Someone once described advertising as “the sandbox of business” because it is often fun, frothy and entertaining. True enough. But occasionally, we confront serious and powerful issues.
Earlier this year, we created a video featuring Dr. Michael Jensen, a scientist at Seattle Children’s Research Institute. Dr. Jensen is developing a therapy for cancer treatment that will spare young patients from the harsh side effects of chemotherapy and radiation.
We learned that kids who undergo chemo and radiation often lose their hearing and sense of taste. They frequently endure difficulties with reproduction later in life. They are subject to a range of physical and mental disabilities. During treatment, they are wracked with pain and nausea. Hair loss is the least of their problems.
As part of the video, we conducted an on-camera interview with a family from Montana. John, the son and patient, was a normal and happy three-year-old who was diagnosed with high-risk neuroblastoma. Within the last year, his treatment included six rounds of chemotherapy and a stem cell transplant, followed by high doses of radiation.
For nearly a year, the family lived in a small apartment at Ronald McDonald House as John underwent treatment and surgery at Seattle Children’s Hospital. Their home in Montana was up for sale; their life was in limbo. As John’s dad explained, “You just move forward, one day at a time. What else can you do?” As we prepared for the interview, John moved around the apartment wearing a brightly colored backpack that doubled as an IV.
His parents are steadfast, intelligent people who spoke directly and technically about John’s medical issues without a trace of self-pity. But as John’s mother described her son’s suffering, her reserve crumbled. Her voice broke and tears flooded her eyes. Those of us gathered around the set—client, agency and crew—looked on silently as the family revealed their grief and pain. It was a deeply touching moment. We left the apartment with the hope that our work, in its small way, would help families like this.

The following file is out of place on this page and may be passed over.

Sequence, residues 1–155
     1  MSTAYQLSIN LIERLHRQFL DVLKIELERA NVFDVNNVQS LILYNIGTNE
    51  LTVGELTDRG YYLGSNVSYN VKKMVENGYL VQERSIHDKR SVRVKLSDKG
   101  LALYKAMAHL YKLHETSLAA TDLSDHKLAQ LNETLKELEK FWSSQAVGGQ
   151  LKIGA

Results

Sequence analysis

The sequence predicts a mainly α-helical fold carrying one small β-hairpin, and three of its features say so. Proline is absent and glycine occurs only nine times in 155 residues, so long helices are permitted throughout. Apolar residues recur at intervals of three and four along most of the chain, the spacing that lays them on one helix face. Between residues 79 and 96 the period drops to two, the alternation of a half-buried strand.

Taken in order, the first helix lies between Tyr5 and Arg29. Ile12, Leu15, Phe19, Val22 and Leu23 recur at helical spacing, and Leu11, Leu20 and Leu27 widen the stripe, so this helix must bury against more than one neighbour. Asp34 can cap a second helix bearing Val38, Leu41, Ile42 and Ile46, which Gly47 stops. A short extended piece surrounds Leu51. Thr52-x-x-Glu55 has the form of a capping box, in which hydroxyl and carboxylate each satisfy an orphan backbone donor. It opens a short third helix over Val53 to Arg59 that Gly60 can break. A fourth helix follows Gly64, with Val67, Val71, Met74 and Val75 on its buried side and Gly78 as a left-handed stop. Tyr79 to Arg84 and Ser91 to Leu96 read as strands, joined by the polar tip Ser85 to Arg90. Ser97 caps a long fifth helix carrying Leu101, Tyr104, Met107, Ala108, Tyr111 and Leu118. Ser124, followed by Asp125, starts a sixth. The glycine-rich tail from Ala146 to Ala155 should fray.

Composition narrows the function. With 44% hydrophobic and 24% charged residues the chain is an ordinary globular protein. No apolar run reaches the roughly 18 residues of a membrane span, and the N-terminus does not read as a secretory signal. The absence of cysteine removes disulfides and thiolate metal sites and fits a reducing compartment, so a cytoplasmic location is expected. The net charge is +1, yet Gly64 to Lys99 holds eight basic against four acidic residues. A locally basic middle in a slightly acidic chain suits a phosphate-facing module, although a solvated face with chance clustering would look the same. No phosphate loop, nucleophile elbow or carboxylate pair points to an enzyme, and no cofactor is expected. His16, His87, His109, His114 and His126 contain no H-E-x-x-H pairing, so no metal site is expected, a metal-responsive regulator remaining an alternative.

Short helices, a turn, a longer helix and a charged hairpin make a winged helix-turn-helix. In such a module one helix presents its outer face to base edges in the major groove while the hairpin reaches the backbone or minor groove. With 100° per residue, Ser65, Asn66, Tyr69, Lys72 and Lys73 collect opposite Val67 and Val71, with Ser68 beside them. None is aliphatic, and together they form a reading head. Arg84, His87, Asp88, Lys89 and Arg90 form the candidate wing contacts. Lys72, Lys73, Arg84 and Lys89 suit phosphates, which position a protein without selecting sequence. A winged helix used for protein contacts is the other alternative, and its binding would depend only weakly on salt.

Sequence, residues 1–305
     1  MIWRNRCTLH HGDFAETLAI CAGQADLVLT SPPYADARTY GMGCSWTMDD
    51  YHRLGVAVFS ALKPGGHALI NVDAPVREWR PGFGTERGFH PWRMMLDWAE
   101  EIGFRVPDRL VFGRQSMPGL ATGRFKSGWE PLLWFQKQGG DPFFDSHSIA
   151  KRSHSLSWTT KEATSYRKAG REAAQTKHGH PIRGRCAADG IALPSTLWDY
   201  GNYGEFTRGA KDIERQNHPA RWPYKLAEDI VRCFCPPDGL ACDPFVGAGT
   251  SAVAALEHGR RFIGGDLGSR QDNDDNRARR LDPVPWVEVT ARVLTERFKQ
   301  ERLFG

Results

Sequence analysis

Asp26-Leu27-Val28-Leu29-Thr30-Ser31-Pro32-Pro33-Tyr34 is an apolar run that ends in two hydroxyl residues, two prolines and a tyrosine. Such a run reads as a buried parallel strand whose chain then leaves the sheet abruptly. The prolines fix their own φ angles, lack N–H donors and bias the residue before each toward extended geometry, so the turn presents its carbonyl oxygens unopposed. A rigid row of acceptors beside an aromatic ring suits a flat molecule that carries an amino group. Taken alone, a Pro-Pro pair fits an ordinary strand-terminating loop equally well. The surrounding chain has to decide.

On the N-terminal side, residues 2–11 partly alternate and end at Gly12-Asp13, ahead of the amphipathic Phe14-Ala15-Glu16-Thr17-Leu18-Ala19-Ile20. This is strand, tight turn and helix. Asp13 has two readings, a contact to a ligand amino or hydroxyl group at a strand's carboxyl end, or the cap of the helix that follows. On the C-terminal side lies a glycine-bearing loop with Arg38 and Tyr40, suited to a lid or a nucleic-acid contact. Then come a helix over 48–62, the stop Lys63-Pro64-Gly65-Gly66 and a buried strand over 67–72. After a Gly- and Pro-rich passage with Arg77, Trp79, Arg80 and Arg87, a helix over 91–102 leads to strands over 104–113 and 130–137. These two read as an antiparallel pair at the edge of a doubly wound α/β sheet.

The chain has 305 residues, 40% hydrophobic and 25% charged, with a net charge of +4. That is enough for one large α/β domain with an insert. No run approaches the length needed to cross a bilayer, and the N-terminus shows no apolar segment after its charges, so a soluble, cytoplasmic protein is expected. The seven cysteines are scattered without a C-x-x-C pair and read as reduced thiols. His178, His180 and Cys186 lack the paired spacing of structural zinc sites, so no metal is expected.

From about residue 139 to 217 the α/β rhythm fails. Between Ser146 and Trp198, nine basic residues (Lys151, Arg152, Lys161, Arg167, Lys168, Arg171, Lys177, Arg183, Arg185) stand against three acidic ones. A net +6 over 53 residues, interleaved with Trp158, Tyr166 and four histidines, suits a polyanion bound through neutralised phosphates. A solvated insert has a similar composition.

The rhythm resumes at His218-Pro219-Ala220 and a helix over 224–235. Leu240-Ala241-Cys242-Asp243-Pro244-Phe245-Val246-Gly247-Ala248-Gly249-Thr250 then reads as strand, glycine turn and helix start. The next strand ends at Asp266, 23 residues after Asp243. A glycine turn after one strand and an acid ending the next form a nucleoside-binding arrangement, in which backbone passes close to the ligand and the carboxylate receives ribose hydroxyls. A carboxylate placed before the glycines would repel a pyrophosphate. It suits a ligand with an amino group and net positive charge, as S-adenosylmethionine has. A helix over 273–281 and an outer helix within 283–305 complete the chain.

Shortly after, we completed the video, which is now being used to explain Dr. Jensen’s research and help raise funds to support it. Fortunately, this story has a happy epilogue to this story. Here is a recent entry from John’s father’s blog:
“Sorry this will be short since it is very late and it has been a very busy four days with packing, cleaning and driving. First and foremost, John’s scans were all clean with a cancer free bone marrow. Dr. Park said he received an A+. We discussed future potential complications and follow up visits every 3 months. They want to see him in one month to make sure his weight is okay.
On our way home we passed a billboard for Seattle Children’s with their motto of Hope. Care. Cure. How true. WE went there with Hope, his level of care during treatment was second to none and he is cured. We owe so much to Seattle Children’s, the Hem/Onc team, SCAA and staff as well as everyone else who helped us on this journey.”
Our ad agency authored the theme, Hope. Care. Cure. We are gratified that John’s dad found meaning in it.
It goes without saying that the heroes of this story are John, his family, the caregivers at Seattle Children’s, and Dr. Jensen’s quest to find a more humane way to treat childhood cancer.
But occasionally in our business, we get a chance to give voice to this type of heroism and humanity. That’s when our work transcends “the sandbox of business.”